5. What recent assessment he has made of the political situation in Ukraine and the prospects for full implementation of the Minsk agreements. 
Ukraine is facing multiple challenges, both over domestic reform and the security situation in the east. We believe that the full implementation of the Minsk agreement remains the best chance of achieving a peaceful solution in Donbass, and we will continue to press all parties, especially Russia, to do more to meet those commitments.
I celebrated Ukrainian Christmas with Huddersfield and Colne Valley’s Ukrainian community over the weekend. We enjoyed holubchi, varenyky and borscht. Understandably, the community is very concerned about the situation in Ukraine. Will the Minister continue to do everything he can to implement the ceasefire, the withdrawal of heavy weapons and the return of democracy to Ukraine?
The need for the implementation of the ceasefire and the withdrawal of weapons were among the issues on which I pressed the Russian authorities in my meetings with First Deputy Foreign Minister Titov in Moscow just before Christmas 2015. I reiterated in my meeting yesterday with the Mayor of Lviv, Mr Sadovy, the United Kingdom’s commitment to the independent sovereignty and territorial integrity of Ukraine.
Under the Minsk agreement, the Organisation for Security and Co-operation in Europe is charged with monitoring ceasefire arrangements and weapons withdrawal. When did the Minister last meet the OSCE on this issue, and what is his assessment of its most recent report?
I last discussed those points directly with Michael Link, the director of the OSCE Office for Democratic Institutions and Human Rights, at the OSCE ministerial meeting in mid-December. The OSCE is doing a heroic job, with its monitors sometimes under direct personal threat from the continued fighting in the Donbass. It does not yet have access, to which it is entitled, to the whole of the Donbass, and we continue to press the Russians to use their influence over the separatists to allow the OSCE to carry out its mission fully.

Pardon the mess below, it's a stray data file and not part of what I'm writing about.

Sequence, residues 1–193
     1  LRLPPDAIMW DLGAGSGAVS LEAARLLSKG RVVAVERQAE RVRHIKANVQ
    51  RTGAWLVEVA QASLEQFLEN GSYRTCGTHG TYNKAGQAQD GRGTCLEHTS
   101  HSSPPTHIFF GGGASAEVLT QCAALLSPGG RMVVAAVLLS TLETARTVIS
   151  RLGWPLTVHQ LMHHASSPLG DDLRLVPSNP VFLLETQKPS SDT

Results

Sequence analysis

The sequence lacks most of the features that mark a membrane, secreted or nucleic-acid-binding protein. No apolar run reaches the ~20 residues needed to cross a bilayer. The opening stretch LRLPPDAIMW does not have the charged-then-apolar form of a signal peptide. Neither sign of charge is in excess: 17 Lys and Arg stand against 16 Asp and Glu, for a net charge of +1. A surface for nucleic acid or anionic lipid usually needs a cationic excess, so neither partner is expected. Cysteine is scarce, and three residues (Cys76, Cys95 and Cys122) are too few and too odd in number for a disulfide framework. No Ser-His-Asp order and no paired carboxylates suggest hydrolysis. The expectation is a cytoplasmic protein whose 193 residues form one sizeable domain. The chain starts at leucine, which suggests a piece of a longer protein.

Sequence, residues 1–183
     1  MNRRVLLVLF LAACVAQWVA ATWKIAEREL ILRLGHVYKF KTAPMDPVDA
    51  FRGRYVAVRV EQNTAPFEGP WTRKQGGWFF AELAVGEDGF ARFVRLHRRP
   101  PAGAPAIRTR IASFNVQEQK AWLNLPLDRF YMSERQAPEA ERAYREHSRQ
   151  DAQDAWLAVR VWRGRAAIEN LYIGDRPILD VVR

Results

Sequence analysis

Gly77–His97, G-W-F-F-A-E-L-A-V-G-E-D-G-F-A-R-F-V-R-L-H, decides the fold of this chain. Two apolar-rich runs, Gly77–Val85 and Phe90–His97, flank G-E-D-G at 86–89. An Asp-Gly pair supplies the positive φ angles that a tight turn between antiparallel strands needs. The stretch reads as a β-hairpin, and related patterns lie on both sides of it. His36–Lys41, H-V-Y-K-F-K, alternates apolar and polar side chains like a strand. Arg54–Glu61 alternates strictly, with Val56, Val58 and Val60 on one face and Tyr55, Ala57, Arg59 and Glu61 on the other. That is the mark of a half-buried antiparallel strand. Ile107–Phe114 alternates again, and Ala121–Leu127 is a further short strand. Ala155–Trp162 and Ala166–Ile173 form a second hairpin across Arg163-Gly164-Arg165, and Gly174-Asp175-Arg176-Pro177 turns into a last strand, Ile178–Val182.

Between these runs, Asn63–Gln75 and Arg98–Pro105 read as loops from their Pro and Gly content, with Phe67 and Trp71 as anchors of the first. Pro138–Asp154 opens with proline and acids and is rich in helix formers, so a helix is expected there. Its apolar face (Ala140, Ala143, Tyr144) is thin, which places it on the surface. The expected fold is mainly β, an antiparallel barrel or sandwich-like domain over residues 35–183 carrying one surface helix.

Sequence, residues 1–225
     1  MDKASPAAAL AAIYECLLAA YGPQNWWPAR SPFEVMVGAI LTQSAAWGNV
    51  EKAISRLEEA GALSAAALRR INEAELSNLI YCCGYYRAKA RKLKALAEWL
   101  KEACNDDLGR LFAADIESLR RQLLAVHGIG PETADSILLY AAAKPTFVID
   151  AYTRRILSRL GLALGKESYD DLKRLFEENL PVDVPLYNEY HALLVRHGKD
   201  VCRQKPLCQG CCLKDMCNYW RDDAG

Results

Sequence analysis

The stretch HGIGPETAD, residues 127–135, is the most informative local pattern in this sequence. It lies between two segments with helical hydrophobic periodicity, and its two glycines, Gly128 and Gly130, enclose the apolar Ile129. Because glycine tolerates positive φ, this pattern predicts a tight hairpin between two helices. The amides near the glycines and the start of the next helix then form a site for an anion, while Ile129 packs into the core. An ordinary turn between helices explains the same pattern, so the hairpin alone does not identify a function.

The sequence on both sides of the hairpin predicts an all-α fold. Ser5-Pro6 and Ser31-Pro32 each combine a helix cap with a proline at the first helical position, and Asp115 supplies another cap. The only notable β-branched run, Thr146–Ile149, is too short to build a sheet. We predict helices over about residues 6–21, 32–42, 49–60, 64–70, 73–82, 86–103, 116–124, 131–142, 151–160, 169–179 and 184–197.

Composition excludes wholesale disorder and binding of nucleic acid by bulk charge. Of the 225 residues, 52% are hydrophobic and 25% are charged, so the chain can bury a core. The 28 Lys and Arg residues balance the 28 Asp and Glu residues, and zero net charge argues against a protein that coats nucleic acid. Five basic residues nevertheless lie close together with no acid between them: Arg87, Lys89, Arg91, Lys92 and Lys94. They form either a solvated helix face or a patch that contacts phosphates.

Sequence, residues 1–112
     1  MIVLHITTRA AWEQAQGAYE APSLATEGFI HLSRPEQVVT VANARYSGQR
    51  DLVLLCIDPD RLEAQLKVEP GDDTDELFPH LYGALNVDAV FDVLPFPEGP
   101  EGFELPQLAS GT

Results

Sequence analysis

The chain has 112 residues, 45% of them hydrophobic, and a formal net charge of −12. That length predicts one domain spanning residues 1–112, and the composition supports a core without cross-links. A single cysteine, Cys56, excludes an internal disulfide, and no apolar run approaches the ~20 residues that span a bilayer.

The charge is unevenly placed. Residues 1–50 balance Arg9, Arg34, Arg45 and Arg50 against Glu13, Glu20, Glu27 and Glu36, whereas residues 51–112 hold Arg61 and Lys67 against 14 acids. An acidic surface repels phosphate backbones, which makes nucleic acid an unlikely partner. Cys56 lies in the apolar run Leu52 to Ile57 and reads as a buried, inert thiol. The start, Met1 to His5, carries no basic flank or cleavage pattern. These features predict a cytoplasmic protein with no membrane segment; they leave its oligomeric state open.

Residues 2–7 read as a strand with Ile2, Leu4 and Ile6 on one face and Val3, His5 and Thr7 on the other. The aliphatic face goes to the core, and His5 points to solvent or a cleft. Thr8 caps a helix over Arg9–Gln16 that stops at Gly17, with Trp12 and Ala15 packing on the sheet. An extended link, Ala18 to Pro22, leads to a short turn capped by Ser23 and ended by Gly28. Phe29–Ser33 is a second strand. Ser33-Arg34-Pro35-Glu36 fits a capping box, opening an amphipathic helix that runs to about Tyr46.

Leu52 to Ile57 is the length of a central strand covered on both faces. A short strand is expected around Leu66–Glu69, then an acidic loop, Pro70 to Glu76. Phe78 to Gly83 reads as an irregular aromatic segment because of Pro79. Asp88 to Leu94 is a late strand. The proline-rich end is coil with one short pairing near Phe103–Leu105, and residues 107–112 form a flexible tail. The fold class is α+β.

Will my right hon. Friend confirm that, in any discussions the Government have with Russia in relation to Syria, Ukraine will not be used as a bargaining chip and our desire to see Russia and its arms out of Ukraine will remain undiminished?
I can give my hon. Friend an unqualified assurance on that point. We will continue to talk to Russia about Syria and other matters, but we are absolutely clear that there is no trade-off between any agreement over Syria and our resolute support for Ukraine’s sovereignty and territorial integrity.
Oh, very well. I call Sir Gerald Howarth.
I am grateful to you, Mr Speaker. As my right hon. Friend knows, corruption is a major problem in Ukraine, and one that is continuing to undermine the economic recovery of that country. What efforts are the British Government making to impress on the Ukrainian Government that they must end the practice of corruption if they want our continued support?
My hon. Friend puts his finger on one of the central challenges facing the Ukrainian Government and political parties in carrying out domestic reform. I do not think the House should underestimate how challenging that is in a country where corruption has been endemic for so long. We are doing what we can—not just through words, but with United Kingdom technical assistance—to enable the Ukrainians to move towards fighting corruption and establishing genuinely independent and impartial judicial and legal systems. The first projects under the good governance fund, which the Prime Minister announced last March, are now up and running in Ukraine.